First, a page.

What is another word for snow-white?

Pronunciation: [snˈə͡ʊwˈa͡ɪt] (IPA)

Snow-white is a descriptive term often used to describe something that is white in colour. Interestingly, there are many synonyms and alternatives to the term snow-white that can add some variation to your writing. Some of the common alternatives to snow-white include pure white, alabaster, pearlescent, ivory, milky, chalky, and bleached white. Each of these synonyms carries a slightly different connotation, so choose the one that best fits your purpose. For instance, if you want to describe something immaculate and untouched, then pure white or virgin white might be the best option. On the other hand, if you want to describe something with a smooth and lustrous finish, then pearlescent or ivory would be a better choice.

What are the hypernyms for Snow-white?

A hypernym is a word with a broad meaning that encompasses more specific words called hyponyms.

What are the opposite words for snow-white?

Snow-white is an adjective that describes something that is as white as snow. The word snow-white can be used to describe a variety of things such as snow, clouds, or even pearl-white teeth. To describe something that is the opposite of snow-white, antonyms such as black or dark can be used. Alternatively, words such as dingy, dirty or grimy can be used to describe something that is dirty or murky in appearance. These antonyms help provide contrast and highlight the difference between something clean and white, versus something that has been tarnished or is discolored.

What are the antonyms for Snow-white?

Famous quotes with Snow-white

  • Presently I shall be introduced as 'this venerable old gentleman' and the axe will fall when they raise me to the degree of 'grand old man'. That means on our continent any one with snow-white hair who has kept out of jail till eighty.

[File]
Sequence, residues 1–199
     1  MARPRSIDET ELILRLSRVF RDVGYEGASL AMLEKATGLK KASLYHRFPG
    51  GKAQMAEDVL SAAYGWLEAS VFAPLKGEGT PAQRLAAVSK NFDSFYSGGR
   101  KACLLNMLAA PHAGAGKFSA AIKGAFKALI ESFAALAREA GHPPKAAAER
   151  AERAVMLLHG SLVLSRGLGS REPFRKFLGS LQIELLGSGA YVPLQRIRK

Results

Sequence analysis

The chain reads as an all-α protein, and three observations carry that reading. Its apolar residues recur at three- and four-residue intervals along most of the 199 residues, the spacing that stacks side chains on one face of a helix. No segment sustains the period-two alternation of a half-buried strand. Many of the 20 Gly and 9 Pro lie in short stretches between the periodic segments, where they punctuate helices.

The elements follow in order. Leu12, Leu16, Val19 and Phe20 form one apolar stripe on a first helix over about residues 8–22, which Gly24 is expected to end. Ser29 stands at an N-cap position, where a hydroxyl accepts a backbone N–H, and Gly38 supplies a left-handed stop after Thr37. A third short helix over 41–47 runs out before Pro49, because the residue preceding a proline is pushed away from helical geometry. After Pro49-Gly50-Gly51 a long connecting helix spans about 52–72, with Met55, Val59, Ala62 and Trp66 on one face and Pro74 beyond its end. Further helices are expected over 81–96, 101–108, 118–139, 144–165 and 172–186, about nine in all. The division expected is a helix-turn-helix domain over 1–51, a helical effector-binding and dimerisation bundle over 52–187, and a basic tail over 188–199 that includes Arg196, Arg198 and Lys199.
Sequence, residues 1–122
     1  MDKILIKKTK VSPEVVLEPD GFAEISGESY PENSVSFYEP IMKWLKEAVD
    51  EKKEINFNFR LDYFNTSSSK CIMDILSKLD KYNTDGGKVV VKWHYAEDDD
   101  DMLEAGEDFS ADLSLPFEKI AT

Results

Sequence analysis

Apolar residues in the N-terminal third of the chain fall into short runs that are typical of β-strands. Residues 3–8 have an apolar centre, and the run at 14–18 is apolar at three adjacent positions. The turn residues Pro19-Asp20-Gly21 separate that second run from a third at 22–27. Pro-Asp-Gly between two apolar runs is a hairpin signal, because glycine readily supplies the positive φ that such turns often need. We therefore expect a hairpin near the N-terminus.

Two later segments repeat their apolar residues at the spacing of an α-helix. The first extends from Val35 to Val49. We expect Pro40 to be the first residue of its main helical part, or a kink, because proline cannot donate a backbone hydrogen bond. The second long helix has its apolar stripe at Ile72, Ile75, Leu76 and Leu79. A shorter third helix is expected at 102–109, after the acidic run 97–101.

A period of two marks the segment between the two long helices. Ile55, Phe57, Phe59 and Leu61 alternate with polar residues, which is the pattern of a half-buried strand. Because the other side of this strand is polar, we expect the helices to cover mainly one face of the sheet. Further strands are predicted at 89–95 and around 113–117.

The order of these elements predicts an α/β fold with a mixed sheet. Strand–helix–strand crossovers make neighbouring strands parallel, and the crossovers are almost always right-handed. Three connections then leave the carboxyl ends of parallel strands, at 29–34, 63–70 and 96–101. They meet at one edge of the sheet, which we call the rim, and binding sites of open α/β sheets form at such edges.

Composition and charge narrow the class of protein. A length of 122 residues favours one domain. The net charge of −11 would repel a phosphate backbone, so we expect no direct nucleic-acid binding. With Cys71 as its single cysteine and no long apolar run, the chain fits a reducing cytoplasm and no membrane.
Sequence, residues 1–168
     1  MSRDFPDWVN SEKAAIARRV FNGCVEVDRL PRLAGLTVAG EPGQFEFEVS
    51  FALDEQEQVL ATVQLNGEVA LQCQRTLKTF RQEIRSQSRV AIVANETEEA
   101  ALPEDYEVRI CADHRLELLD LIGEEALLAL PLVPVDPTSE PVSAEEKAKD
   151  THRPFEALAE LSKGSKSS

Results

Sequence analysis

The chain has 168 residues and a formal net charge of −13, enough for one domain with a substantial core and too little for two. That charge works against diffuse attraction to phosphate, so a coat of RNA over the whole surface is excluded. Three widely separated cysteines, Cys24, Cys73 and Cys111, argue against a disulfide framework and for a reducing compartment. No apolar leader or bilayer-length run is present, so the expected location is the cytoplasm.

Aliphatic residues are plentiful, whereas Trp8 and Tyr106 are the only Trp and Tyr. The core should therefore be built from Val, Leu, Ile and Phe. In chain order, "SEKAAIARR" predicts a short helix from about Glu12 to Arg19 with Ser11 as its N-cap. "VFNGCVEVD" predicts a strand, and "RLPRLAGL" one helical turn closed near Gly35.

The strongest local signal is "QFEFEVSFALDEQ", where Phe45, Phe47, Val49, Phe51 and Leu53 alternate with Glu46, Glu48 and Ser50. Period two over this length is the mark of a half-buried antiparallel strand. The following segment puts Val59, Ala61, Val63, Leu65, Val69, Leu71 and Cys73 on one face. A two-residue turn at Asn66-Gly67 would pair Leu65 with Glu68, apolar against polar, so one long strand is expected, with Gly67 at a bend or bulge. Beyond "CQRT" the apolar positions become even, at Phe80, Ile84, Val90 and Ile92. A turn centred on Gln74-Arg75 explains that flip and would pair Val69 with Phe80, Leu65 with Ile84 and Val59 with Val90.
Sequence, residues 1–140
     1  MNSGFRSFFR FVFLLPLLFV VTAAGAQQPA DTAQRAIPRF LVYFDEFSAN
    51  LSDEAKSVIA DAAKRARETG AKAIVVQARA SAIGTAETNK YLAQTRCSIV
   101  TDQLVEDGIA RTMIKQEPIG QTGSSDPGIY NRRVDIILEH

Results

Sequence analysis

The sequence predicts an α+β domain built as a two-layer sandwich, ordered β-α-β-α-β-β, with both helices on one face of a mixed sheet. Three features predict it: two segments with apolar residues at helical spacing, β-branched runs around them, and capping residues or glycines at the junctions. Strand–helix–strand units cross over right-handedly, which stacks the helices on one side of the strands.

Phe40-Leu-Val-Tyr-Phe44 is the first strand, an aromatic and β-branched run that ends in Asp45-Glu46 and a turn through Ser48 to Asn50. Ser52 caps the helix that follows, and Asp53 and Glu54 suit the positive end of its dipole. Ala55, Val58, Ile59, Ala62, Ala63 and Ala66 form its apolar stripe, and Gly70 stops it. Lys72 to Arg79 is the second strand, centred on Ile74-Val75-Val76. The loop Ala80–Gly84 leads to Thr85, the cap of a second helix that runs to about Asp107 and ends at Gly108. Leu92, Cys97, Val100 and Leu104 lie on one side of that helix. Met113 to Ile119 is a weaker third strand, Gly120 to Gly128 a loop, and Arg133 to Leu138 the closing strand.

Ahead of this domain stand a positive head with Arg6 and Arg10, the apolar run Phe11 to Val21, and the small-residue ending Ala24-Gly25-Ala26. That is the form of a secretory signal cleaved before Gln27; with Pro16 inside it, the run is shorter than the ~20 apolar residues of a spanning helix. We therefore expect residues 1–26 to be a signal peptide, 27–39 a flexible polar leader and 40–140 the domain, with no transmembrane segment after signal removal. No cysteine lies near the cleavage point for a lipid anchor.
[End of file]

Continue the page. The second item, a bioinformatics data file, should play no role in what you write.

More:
Stephen Leacock
  • When Sha Monk opened up a scroll of scripture that the other two disciples were clutching, his eyes perceived only snow-white paper without a trace of so much as half a letter on it. Hurriedly he presented it to Tripitaka, saying, "Master, this scroll is wordless!" Pilgrim also opened a scroll and it, too, was wordless. Then Eight Rules opened still another scroll, and it was also wordless. "Open all of them!" cried Tripitaka. Every scroll had only blank paper.
    Wu Cheng'en
  • Far out at sea,—the sun was high, While veer'd the wind and flapped the sail, We saw a snow-white butterfly Dancing before the fitful gale, Far out at sea.
    Richard Henry Horne
  • There is a flower, a snow-white flower, Fragile as if a morning shower Would end its being, and the earth Forget to what it gave a birth; And it looks innocent and pale, Slight as the least force could avail To pluck it from its bed, and yet Its root in depth and strength is set. The July sun, the autumn rain, Beat on its slender stalk in vain;— Around it spreads, despite of care, Till the whole garden is its share; And other plants must fade and fall Beneath its deep and deadly thrall. This is love's emblem; it is nurst In all unconciousness at first, Too slight, too fair, to wake distrust; No sign how that an after hour Will rue and weep its fatal power.
    Letitia Elizabeth Landon
  • Down swept the gathered waters over rocks Which broke at times the column's foaming line ; Darkening amid the snow-white froth, it swept Like an all conquering army, and an arch Of sparkling hues that in the sunbeams played Seemed to unite it with the sky which hung Above all calmness and repose :
    Letitia Elizabeth Landon

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